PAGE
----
Apart from training mainstream teachers, there is also a need for targeted intervention once a problem has been identified. For instance, if a child of seven or eight years has not learned to read, he or she will not learn to read despite the best will in the world on the part of the mainstream teacher. In a class of 28, a child will not learn to read if he has not done so by then. We should look to other countries to see what kind of system of targeted intervention we can put in place.
The main problem, which has been mentioned again and again, is that of early identification of the problem. Before a teacher can do anything to help a child, he or she must know what the problem is. Assessment is not available and all schools are reporting difficulties in getting their children assessed. Even if they identify the problem, the waiting list is so long – it is sometimes years – by the time the child is assessed, the outcome is irrelevant because the child is probably at the drop out stage.
In my constituency, a school in a disadvantaged area recently told me that it paid out £1,700 to have 13 children assessed because it had waited for so long for the Department to come up with this service. Out of sheer frustration, it was forced into this situation. This happens again and again throughout the country. It is completely unacceptable that disadvantaged communities should dig into community funds to have a child assessed, never mind doing anything about the problem when they are assessed. I would go further and say that rather than have a psychological assessment on demand, which is the very minimum, there should be a national screening programme for children when they reach seven or eight years of age. It is far too late to assess children when they are doing their leaving or junior certificates. What can be done if they have failed at five, six, seven or eight years of age? Instead of anad hoc, patchy system of assessment, there should be a national screening service which would give us the information required by the Department to make the decisions about the kind of resources needed.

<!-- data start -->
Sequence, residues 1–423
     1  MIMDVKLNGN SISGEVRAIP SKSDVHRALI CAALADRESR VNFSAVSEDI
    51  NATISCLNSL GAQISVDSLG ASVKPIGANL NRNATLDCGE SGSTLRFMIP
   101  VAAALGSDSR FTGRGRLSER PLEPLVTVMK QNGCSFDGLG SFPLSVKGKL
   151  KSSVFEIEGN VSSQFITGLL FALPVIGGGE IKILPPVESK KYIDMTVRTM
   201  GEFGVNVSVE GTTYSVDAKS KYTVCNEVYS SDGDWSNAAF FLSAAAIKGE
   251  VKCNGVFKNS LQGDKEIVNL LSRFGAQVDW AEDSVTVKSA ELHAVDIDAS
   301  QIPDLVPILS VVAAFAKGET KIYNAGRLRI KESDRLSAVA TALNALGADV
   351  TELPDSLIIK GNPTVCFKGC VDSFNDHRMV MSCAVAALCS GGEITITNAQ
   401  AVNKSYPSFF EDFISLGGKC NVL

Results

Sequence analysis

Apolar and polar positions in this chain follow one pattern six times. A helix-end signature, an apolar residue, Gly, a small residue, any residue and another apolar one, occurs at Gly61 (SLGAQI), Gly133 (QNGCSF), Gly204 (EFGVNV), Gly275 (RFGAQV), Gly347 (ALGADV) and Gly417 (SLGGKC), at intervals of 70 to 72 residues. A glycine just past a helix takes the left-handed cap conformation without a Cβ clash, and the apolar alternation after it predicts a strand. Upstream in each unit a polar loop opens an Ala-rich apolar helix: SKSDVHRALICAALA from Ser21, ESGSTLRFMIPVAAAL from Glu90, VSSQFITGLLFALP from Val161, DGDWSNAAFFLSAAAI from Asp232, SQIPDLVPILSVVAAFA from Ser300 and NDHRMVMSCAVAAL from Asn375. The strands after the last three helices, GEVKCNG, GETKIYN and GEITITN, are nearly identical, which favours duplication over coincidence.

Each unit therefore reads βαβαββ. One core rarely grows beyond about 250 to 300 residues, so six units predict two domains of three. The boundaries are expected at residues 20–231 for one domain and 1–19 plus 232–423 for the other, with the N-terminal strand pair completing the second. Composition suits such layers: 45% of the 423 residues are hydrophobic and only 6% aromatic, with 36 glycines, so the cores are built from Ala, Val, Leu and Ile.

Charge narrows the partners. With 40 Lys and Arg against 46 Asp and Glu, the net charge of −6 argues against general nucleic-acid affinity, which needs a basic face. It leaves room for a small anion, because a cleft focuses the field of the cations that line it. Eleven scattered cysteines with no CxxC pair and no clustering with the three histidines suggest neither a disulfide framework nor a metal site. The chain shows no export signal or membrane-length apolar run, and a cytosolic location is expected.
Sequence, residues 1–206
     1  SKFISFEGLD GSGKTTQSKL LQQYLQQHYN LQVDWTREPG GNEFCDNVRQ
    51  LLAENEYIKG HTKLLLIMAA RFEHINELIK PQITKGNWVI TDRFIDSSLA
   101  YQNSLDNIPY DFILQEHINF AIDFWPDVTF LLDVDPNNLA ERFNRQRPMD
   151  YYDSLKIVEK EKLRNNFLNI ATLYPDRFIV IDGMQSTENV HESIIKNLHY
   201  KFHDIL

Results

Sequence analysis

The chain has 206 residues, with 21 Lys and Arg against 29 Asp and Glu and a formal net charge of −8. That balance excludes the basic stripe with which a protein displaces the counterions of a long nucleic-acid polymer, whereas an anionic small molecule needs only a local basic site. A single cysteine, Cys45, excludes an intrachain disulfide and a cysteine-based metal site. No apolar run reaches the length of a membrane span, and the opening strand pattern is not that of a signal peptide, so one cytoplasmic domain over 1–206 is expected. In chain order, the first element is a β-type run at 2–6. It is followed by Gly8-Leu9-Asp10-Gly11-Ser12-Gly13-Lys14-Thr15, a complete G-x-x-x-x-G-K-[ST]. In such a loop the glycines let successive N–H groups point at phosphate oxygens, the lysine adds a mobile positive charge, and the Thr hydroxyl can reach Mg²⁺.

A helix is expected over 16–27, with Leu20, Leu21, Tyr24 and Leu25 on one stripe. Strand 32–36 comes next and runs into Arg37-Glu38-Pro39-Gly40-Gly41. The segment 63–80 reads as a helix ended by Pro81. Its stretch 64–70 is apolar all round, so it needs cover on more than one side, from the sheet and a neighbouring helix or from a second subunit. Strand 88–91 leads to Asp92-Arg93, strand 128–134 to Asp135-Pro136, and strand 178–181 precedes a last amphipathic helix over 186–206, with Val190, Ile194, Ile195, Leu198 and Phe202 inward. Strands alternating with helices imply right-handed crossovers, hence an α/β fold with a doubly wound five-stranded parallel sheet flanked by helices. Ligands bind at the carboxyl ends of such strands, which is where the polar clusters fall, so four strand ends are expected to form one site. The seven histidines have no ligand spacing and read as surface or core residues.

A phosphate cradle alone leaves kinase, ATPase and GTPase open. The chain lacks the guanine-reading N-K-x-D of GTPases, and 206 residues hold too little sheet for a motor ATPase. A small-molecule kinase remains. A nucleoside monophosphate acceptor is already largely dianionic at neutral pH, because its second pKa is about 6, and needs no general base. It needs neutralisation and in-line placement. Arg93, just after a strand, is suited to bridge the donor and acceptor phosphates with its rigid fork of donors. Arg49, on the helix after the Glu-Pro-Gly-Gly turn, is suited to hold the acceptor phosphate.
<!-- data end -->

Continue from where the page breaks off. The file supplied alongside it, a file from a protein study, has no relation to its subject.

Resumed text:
The contrast between the Minister's remarks last night and the real life stories told by up to 24 Deputies, who spoke in a very short period, speaks more loudly than anything else in this debate. The contrast could not have been more stark. The Minister came into the House and put a bulldog clip around 20 or 30 of his scripts of press releases and rolled out a soliloquy about programmes, planning groups, guidelines and curricula. The real danger is that perhaps the Minister believes his own rhetoric and that we are getting to grips with literacy and remediation problems in our system and the needs of children with special needs. That is not the reality and it goes to the core of the problem.
The difficulty in our education system is that the Department and the Minister are so detached from the reality and they have sought to run our education system on a highly centralised model – an input, output model – that leaves them totally remote to the realities. One could not illustrate that more vividly other than by looking at the fact that there are 33,000 children with a special education need in our system. Unless they are in special schools, the Department does not know about them. It does not have a proper data base of their needs and what they are getting. If we asked the Minister how many children with special needs are getting services specified for them, he could not tell us; he could not answer that question. This Department has tried to run our education system remote from the reality. It is an input, output model. It is great for the 60% or 70% of children who do well; they will survive in any environment and we have excellent teachers who have helped them to survive and thrive in our education system.